02/24/2011 07:38 pm ET Updated May 25, 2011

The NBA's All-Deadline Team

The NBA's trade deadline has come and gone, leaving many teams and their fans to figure out what they have left -- and are now up against -- after a series of trades that shipped dome of the NBA's finest players to new teams. In total, there were 15 trades made that included 21 different teams. Interestingly, the team that was most active at the deadline was the Boston Celtics who changed up their roster and rotation by shipping out center Kendrick Perkins and guard Nate Robinson. Yet, most of the league's other top teams shied away from tinkering with their rosters, holding tight with the crew that has gotten them to the top of the standings thus far.

In fact, of the 15 teams in the Western Conference, the only three teams that didn't make a swap this week were the conference's top three teams -- San Antonio, Dallas, and Los Angeles. Similarly, in the East, second-best Miami stayed still. The East as a whole was a bit less active, with only 9 of the 15 teams making a move (though Indiana did try). The middling teams in the East didn't follow the lead of their Western conference counterparts who tried to inject a late-season push to the playoffs with minor tweaks. Eastern teams toward the bottom were more actively in the market as they tried to shake things up with their futures in mind.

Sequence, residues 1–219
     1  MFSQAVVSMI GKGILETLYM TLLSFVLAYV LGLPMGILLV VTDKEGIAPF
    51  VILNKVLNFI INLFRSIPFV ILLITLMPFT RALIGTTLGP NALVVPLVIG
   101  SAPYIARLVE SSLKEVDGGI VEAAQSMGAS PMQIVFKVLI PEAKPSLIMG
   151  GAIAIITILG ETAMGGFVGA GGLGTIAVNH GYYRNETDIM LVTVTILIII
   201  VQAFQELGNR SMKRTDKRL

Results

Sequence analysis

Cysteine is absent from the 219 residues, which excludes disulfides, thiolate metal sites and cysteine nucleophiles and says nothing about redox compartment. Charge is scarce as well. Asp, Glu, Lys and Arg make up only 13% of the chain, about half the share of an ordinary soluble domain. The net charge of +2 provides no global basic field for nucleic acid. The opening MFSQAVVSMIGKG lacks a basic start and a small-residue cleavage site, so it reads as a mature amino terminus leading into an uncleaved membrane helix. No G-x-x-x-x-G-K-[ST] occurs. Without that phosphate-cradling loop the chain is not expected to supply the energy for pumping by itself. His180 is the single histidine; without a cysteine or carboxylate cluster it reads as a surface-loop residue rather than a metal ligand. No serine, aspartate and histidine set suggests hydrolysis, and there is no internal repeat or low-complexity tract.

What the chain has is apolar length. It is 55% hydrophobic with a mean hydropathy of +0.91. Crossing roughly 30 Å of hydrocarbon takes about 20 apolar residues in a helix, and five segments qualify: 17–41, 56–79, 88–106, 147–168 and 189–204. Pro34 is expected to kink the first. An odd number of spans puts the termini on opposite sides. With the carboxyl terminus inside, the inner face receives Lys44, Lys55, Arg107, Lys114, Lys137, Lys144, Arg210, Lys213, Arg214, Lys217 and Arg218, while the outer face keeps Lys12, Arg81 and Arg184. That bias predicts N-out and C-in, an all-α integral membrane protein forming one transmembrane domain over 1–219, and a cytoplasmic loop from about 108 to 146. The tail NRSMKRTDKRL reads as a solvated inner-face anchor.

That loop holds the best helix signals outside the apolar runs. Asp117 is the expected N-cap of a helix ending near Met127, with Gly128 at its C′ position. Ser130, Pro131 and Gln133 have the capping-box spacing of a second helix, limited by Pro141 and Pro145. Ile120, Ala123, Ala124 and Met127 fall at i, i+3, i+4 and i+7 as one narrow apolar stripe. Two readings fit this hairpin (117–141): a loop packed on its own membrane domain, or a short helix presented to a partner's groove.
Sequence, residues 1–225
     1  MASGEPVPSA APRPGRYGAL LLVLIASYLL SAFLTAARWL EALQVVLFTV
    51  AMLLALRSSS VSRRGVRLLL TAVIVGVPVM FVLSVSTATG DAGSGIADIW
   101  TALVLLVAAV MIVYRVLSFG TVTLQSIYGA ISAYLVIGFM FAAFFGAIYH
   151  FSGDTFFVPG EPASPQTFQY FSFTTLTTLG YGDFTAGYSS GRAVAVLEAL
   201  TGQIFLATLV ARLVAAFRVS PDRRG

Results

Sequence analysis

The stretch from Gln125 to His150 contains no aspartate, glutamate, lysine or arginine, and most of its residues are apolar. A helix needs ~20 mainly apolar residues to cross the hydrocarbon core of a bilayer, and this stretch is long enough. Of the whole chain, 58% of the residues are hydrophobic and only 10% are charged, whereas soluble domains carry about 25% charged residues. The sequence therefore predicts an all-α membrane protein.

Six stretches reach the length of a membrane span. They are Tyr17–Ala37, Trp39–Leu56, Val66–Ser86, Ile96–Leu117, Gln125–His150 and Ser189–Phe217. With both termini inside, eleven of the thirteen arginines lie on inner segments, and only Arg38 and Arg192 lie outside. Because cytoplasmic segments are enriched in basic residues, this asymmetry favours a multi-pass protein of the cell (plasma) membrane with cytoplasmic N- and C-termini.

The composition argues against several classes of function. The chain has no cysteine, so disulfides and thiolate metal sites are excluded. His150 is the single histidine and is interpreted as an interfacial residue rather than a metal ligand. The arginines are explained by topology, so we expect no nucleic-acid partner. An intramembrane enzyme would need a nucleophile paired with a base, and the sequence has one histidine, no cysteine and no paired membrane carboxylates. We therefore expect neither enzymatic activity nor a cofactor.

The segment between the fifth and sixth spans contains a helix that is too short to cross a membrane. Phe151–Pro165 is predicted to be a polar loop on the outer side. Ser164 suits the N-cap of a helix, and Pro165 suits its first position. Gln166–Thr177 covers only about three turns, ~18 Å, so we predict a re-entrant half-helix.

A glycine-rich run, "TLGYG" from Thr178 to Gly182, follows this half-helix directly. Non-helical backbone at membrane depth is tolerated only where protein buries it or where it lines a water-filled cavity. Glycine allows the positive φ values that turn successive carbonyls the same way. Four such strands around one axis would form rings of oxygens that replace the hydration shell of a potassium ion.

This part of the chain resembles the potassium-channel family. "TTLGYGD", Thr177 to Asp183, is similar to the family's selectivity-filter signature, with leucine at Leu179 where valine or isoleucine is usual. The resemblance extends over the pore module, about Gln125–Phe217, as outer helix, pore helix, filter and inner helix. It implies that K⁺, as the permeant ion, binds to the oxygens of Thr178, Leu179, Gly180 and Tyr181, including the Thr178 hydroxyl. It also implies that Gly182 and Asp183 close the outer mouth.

So much attention was paid this week to the moves that sent Carmelo Anthony and Deron Williams to other teams that some of the guys who were traded today pale in comparison, stats-wise. But that doesn't mean they're insignificant. If you take a look at the complete list of players who will change jerseys this week, you'll see an array of stars and role players who will effectively fit in and find ways to contribute to their new franchises. I wonder what an NBA all-deadline team would look like, and how they'd fare against some of the league's best teams that decided to stand pat.

Drawing just one player from each deal -- and discounting those who were traded in exchange to match their value (Raymond Felton, Devin Harris, etc.) -- you can put together a pretty scary roster of 12 that, if it were fielded as its own team, would make a serious run for the title. Here's what these castaways would look like as a unit:

PG: Deron Williams
SG: Baron Davis
SF: Carmelo Anthony
PF: Shane Battier
C: Kendrick Perkins

If that starting five doesn't impress you, it's the team's depth that really stands out. Coming off the bench would be guards Aaron Brooks, Mike Bibby, and Marquis Daniels, forwards Gerald Wallace, Troy Murphy, and Carl Landry, and center Nazr Mohammed.

There was plenty of talent to be had this week, and some teams took advantage landing some of these big stars. If we learned anything from the past few days, it's how tenuous NBA players' relationships are with their teams and their cities. Guys like Williams and Battier were once considered cornerstones of their franchises; now they'll be suiting up in the next stage of their careers with new teammates, offenses, and demands.

Most intriguing about this phantom roster is that of the starting five, only Battier is heading to a team that currently has more wins than the one he just left. What's that say about where stars are needed in today's market, and the expectations cast upon them even before they arrive in their new towns.